NHS pay: Royal College of Nursing to hold 'summer of action' over 3% pay rise

July 28, 2021

Nurses across the UK have revealed plans for a "summer of action" over the 3% NHS pay rise.

The Royal College of Nursing (RCN) announced a number of events will be taking place throughout the country to raise awareness of its "fair pay" demands.

The world's largest nursing union has warned that the government is "failing" and has called for a fully-funded 12.5% pay rise.

The government had originally set a 1% pay rise for health care staff, but last week announced an increase to 3%.

However, the RCN described the sum as "shambolic" and said with inflation the 3% award is a "real-terms pay cut and leaves experienced nursing staff £200 a year worse off".

The government has said the money for the pay increase will be found from existing budgets, which has further angered the nursing profession as the funding will have been allocated for patient care, according to the RCN.

To highlight their demands, healthcare staff will be holding nearly 50 events up until September including a demonstration in Hove, a candlelit vigil in Norfolk and a campaign van travelling through Wales.

A meeting entitled "let's talk about industrial action" is also due to take place in the West Midlands in August.

In the middle of August, the union will canvas its members for their views on the pay award and all of the action will culminate with a demonstration in Liverpool ahead of the RCN's annual national congress in September.

After that members may be asked to take part in an indicative ballot on whether or not to take industrial action.

RCN's chief executive Pat Cullen has said the government's pay rise will "not be enough to prevent an exodus of exhausted NHS nursing staff" and called for ministers to "now be honest about the impact this would have on patient care".

She added that the summer of action is taking place to ensure "our colleagues, our patients, the public and politicians know that the campaign won't stop until nursing is respected and protected".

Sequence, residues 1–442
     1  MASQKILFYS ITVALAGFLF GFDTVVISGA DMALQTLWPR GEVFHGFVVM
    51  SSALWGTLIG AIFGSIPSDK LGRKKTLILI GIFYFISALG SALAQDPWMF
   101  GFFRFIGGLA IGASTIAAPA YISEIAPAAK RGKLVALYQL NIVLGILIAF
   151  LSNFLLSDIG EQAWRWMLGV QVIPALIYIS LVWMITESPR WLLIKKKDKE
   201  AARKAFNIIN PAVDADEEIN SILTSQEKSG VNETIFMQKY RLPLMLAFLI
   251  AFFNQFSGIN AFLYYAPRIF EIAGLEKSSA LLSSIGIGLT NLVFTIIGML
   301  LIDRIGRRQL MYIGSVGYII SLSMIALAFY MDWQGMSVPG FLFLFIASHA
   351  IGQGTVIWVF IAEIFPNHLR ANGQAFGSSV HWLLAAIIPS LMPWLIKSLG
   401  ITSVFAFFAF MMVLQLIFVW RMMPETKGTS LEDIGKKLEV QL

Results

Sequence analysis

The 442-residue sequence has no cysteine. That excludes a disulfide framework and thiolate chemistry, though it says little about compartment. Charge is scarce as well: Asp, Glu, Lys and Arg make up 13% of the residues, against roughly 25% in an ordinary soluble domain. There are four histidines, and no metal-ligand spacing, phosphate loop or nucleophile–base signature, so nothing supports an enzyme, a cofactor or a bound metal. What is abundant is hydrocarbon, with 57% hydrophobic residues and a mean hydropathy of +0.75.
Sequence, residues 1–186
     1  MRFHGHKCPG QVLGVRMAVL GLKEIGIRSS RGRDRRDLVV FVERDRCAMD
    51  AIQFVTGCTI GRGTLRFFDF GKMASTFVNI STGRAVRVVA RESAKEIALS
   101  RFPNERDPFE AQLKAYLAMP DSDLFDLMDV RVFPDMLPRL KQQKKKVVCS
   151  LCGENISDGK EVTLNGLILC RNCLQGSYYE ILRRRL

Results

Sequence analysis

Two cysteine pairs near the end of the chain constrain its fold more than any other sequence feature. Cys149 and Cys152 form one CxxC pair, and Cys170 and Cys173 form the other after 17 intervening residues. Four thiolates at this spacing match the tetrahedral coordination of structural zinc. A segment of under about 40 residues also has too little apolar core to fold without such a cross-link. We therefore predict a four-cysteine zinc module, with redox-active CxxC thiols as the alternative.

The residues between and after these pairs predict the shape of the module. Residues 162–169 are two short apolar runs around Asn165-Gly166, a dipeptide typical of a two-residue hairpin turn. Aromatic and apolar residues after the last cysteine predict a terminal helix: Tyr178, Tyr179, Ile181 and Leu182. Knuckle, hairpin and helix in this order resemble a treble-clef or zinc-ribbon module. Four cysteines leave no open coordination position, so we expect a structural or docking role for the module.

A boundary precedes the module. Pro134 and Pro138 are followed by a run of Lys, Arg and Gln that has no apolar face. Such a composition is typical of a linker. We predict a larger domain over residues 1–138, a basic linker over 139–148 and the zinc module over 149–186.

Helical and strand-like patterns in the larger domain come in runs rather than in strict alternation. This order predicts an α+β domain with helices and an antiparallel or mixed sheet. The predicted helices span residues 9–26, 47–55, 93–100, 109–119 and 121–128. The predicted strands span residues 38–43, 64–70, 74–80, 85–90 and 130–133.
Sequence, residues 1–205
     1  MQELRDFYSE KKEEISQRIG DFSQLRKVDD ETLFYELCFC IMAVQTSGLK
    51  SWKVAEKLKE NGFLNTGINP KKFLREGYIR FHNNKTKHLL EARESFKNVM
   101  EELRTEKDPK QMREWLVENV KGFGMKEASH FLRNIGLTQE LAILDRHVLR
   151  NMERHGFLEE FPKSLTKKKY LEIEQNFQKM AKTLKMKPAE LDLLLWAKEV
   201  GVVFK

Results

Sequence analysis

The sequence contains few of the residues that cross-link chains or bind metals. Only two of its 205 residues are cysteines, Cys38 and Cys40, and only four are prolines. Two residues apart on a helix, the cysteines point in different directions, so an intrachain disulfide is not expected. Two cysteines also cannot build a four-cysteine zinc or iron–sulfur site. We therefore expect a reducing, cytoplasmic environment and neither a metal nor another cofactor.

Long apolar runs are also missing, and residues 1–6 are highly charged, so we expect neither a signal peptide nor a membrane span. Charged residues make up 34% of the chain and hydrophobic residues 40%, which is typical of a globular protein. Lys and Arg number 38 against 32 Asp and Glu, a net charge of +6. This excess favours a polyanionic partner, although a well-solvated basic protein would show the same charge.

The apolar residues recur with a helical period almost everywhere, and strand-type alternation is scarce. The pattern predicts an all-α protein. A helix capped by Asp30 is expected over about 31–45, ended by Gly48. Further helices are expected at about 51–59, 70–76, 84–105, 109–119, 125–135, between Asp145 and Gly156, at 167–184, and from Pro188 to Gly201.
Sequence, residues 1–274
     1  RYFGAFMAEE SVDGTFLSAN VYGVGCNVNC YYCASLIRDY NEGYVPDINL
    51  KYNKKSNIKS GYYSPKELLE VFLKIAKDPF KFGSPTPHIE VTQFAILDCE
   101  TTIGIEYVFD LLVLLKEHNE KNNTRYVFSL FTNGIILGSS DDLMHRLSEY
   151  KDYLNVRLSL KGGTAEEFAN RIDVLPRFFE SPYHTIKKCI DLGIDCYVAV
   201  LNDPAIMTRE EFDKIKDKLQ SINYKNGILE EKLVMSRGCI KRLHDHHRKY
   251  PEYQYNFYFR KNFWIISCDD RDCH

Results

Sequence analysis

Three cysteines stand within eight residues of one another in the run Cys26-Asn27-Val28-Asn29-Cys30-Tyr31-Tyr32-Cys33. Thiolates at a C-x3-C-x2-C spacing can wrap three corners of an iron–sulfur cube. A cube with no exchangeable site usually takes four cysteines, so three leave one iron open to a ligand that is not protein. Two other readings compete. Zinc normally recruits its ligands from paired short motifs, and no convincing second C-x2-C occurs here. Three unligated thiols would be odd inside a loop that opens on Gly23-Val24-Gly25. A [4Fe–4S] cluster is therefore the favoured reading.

Ms Cullen said: "The government is failing to give the NHS the money it truly needs. This current game of smoke and mirrors is dangerous for patients and nursing staff who care for them.

"If ministers ignore the voice of nursing, they ignore the voice of patients - and that is something we, as nurses, will never allow."

The RCN is not the only union planning to take action against the pay rise. UNISON has also announced it will begin consulting NHS workers later this week on whether they accept the increase, or oppose it and are willing to take industrial action.

More than 300,000 people - across nursing, ambulance, operational and technical services - will be asked for their views and UNISON has said its elected leadership body is giving a clear steer that 3% is "unacceptable".

It claims the award does not meet the real living wage of £9.50 per hour for the lowest-paid health service workers and widens the gap between those at the top and bottom of the scale.

The British Medical Association has also hit back, calling out the government for not offering any pay increase for doctors on multi-year pay deals.

A Department of Health spokesperson said: "NHS staff - from doctors and nurses to paramedics and porters - are rightly receiving a 3% pay rise this year in recognition of their extraordinary efforts throughout this global pandemic.

"This follows the recommendations of the independent NHS Pay Review Body and the Review Body on Doctors' and Dentists' Remuneration, who considered a wide range of evidence from organisations across government, the NHS and trade unions in making the decision."

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